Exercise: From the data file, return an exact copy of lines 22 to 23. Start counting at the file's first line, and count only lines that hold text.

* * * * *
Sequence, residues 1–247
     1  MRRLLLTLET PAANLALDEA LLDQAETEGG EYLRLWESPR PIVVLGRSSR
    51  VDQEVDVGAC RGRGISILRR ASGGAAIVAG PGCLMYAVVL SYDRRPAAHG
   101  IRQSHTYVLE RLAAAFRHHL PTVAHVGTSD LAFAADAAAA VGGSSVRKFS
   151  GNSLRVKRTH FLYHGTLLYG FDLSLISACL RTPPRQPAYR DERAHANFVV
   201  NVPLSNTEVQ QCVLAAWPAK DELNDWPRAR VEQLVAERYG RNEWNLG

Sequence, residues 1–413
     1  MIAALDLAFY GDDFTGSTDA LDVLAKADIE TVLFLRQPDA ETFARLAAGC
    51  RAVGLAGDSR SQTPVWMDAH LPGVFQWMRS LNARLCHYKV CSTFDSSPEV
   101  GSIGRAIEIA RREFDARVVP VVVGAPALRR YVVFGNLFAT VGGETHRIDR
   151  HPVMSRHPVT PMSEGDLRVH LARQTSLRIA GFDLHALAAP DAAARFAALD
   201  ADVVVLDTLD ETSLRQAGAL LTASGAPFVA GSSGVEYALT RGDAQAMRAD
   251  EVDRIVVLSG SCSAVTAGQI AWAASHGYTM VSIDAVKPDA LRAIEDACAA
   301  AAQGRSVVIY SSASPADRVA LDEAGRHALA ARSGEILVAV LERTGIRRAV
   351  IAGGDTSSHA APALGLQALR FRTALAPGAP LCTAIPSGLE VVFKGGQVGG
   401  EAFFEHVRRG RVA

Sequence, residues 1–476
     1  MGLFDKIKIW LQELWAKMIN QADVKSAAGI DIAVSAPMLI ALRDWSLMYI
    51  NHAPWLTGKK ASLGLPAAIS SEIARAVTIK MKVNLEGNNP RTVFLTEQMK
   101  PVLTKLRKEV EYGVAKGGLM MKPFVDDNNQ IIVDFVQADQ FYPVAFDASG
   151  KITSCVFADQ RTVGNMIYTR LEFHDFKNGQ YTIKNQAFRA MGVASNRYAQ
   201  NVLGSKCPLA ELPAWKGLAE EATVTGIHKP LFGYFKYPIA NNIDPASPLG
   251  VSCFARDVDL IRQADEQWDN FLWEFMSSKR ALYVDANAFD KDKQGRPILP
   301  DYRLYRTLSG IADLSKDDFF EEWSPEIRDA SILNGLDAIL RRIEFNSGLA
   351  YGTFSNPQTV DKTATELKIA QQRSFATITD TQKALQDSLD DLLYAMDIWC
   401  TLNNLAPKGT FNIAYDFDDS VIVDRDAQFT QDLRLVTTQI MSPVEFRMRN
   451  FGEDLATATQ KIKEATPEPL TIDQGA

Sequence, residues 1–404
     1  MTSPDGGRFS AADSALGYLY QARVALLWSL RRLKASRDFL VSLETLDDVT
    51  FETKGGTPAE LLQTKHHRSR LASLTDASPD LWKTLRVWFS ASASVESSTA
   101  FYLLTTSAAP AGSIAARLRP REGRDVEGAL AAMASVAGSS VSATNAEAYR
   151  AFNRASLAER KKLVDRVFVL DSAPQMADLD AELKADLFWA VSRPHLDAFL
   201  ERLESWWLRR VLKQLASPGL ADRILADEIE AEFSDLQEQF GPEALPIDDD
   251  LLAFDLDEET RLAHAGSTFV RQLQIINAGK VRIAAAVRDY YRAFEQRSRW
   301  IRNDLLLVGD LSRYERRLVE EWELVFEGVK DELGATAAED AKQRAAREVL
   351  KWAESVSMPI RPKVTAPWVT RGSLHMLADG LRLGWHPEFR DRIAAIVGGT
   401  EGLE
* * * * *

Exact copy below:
   201  NVLGSKCPLA ELPAWKGLAE EATVTGIHKP LFGYFKYPIA NNIDPASPLG
   251  VSCFARDVDL IRQADEQWDN FLWEFMSSKR ALYVDANAFD KDKQGRPILP